Global regulators have been called on by banks to adjust their plans for the closure of lending institutions who have failed. The banks have said that the current proposal doesn’t ensure cooperation between the regulatory bodies in the times of an international crisis.

The proposals, which were published in July have been criticised by the British Bankers’ Association for leaving to much scope for national regulators to just act in their own interests and this will come at the cost of overall stability.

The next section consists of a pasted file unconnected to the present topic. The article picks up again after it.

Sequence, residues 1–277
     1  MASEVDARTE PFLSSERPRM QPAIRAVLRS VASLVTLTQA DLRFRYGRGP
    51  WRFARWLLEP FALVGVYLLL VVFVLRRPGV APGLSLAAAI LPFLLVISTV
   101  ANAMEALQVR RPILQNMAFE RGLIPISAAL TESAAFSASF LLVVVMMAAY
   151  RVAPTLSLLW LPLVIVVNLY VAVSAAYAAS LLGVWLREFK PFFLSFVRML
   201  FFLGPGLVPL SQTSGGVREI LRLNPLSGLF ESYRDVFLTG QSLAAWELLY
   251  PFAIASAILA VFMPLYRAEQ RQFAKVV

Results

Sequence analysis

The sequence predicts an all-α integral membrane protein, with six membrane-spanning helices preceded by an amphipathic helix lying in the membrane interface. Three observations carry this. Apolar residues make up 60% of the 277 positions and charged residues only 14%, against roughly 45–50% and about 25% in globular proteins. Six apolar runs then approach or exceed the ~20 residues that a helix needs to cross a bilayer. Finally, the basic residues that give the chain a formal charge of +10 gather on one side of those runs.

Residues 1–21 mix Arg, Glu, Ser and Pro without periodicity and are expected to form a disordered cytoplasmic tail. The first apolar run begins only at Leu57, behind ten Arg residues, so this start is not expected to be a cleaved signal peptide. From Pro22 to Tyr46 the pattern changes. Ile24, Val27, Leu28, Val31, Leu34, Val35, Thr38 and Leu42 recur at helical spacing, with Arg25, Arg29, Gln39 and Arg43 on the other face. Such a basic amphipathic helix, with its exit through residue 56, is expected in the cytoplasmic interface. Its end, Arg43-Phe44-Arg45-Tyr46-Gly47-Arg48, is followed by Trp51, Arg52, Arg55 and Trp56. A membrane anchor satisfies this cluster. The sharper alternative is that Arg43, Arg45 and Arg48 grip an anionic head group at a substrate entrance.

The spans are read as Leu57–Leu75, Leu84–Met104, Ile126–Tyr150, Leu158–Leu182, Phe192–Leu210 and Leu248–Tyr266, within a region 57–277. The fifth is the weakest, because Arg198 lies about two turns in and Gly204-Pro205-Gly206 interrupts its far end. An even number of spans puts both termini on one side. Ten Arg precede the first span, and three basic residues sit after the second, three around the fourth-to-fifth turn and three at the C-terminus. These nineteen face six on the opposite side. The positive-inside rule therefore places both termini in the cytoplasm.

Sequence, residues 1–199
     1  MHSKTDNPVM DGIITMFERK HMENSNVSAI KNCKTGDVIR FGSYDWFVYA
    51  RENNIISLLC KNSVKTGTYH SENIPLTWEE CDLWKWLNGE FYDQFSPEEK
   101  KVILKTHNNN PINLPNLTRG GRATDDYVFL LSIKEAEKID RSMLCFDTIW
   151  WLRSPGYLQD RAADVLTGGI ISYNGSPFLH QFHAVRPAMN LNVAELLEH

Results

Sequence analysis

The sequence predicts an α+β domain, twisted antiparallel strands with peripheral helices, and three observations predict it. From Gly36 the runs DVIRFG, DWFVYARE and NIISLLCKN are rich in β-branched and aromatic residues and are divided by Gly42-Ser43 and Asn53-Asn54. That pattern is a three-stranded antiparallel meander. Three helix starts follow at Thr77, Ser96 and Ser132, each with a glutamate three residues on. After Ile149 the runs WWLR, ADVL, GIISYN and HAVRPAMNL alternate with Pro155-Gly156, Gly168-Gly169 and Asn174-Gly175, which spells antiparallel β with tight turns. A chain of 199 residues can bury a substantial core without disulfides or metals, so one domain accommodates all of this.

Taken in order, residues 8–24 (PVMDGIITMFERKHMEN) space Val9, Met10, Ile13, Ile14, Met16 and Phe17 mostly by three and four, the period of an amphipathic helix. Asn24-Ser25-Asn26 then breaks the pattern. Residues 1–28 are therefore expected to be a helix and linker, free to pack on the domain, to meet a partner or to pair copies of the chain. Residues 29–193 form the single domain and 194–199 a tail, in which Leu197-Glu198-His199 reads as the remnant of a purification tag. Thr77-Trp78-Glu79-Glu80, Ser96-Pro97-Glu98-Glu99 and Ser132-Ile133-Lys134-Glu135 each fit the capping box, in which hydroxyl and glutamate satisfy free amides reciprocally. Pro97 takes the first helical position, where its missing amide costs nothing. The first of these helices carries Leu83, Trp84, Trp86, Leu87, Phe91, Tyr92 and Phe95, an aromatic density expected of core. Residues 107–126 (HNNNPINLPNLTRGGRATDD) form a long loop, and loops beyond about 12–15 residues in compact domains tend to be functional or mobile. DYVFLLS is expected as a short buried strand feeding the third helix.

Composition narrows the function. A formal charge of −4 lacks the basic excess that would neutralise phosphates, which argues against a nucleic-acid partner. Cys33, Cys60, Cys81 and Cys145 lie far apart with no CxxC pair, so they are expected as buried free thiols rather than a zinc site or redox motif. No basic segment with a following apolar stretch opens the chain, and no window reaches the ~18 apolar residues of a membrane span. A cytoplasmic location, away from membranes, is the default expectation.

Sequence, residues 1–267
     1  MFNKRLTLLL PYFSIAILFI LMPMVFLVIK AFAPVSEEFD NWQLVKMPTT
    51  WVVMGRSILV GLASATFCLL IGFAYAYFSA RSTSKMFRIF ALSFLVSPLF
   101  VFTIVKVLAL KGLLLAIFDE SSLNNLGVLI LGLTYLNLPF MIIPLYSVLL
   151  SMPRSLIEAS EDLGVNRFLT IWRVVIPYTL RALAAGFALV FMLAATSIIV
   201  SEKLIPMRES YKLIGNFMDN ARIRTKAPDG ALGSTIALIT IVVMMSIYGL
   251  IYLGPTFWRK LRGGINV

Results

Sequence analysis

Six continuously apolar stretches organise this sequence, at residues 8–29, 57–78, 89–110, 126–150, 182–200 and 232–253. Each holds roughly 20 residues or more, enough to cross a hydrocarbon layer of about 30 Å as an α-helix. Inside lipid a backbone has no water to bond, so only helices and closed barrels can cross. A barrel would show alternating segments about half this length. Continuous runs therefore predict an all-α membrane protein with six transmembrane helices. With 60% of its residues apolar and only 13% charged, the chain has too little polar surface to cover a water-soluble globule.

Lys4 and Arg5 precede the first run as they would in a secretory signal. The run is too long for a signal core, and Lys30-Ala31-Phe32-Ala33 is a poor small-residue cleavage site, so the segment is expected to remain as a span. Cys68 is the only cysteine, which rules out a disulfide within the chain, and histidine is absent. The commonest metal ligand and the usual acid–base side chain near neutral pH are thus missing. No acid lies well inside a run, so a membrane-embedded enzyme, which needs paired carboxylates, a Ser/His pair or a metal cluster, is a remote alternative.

The leaders of the worlds top 20 nations have asked the FSB to agree on how failing banks should be brought down in order to prevent more fall out than necessary to the rest of the financial system. There are two main options currently, one of which involves the sale of the banks assets. Another is for it to be dramatically scaled back in size and function as a smaller entity.

The new guidelines by the FSB require that banks will have to decide what should happen to them should they have a crisis. Angela Knight from the British Bankers’ Association has said, “The regulations need to be sufficient and clear and allow countries the time to implement measures.”